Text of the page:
The fault lies with the clients and other buyers of legal services in not insisting on fixed fees and capped quotes. It's your fault, in buying services from a competitive industries with hundreds of providers, in giving the lawyers a blank cheque. 

Only an idiot would instruct a law firm without insisting on a cap or a hard estimate.

Unfortunately, in many cases the buyers of legal services don't care. For example, many PE firms will instruct the lawyers to act on the fund formation but the fees will be paid by the investors in the PE fund being raised who don't get to check the bills.  

Zero sum game 28 March 24 11:25

Over any few years the target in any. professional practice selling time flip flops between chargeable hours % and % recovery. Totally unclear if either has any benefit other than supressing the other? But seems to keep a board room happy.

elviejozorro 28 March 24 11:33

Why us In-House folk seek a fixed fee on transactional work and heavily interrogate opaque line-item descriptions on non-fixed fee work. A complete pain in the posterior, but unfortunately a reflection of realities of transacting. 

Anonymous Anonymous 28 March 24 12:09

Martin Lewis is to investigate the issue of time padding by the legal profession.

ReadingIn 28 March 24 12:19

No wonder I didn't meet my targets as consistently as my colleagues. Do people really do this?

ReadingIn 28 March 24 12:22

No wonder I didn't meet my targets as consistently as my colleagues. Do people really do this?

It's encouraged 28 March 24 13:25

When I was an NQ I was honest to a fault with my billing and all it did was mean I didn't get a bonus for my first year and during my first appraisal, my supervising partner encouraged me to basically pad time (without out-and-out saying it - he just said "make sure you put ALL your time down" and repeatedly said that my time entries were surprisingly low).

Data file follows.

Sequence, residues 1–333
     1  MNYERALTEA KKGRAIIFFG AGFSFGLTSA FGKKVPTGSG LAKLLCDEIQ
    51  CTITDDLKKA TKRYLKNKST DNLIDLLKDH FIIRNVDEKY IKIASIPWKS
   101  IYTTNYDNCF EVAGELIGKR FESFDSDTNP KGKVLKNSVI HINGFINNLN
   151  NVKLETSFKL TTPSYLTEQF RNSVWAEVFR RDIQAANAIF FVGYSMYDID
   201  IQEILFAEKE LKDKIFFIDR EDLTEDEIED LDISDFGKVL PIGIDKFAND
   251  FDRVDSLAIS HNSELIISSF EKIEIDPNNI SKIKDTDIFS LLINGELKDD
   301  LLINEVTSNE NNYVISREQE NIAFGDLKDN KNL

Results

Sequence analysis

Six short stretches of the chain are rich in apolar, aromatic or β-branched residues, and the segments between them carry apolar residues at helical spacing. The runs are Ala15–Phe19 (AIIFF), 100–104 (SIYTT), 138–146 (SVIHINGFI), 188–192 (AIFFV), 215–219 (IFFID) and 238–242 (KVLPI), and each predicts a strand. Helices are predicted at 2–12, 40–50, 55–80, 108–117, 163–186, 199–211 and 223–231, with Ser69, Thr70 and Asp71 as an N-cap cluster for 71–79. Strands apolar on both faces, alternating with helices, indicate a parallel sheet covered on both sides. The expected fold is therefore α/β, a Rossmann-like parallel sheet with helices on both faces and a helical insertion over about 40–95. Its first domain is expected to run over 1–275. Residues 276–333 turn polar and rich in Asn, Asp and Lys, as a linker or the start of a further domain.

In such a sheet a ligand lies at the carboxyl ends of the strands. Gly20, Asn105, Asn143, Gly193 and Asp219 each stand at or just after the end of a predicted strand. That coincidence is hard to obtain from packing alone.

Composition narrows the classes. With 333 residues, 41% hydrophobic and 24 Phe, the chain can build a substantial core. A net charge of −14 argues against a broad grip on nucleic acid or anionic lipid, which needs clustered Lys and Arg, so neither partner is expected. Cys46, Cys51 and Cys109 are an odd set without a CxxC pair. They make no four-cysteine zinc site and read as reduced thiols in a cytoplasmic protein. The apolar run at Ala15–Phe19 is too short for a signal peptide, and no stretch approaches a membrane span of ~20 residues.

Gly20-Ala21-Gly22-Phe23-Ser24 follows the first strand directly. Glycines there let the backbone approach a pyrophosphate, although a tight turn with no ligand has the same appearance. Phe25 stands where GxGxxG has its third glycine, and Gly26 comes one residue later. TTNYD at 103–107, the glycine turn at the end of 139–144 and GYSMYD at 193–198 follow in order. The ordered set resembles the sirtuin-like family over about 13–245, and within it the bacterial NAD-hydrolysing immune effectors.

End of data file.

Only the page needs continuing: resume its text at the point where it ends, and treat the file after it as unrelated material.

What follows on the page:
In an industry where the people who bill the most succeed the most, it is extraordinary to me that ANYONE would be surprised by the extent of the rampant time padding which happens. All clients should be making us stick to our estimates (within reason where the unexpected happens) and interrogating the life out of every billing guide they receive to make sure it's all properly incurred time. It's the only way to make this stop. It will never be driven from the top down. 

Re beancounter 10:43 28 March 24 13:51

You mention that with fixed fee agreements often the time recorded/ WIP matches the fee and you suspect time dumping  

The reason for that in some firms is inflexible time recording and billing software.  

Say the fixed fee is 10k but (a) the time spent is 12k, or (b) 8k, you will bill 10k per the agreement in situations (a) and (b). In case of (a), you will write off 2k. However, in situation (b) some software systems create an issue if you (properly) invoice the agreed 10k. At least in the old days you had to “add” 2k in time in the system to be able to send out the invoice (bc the accounting software was too stupid for fixed fee agreements). On the narrative you would show the narratives for 8k worked (so the client can negotiate a lower fixed fee for the next job). ;-).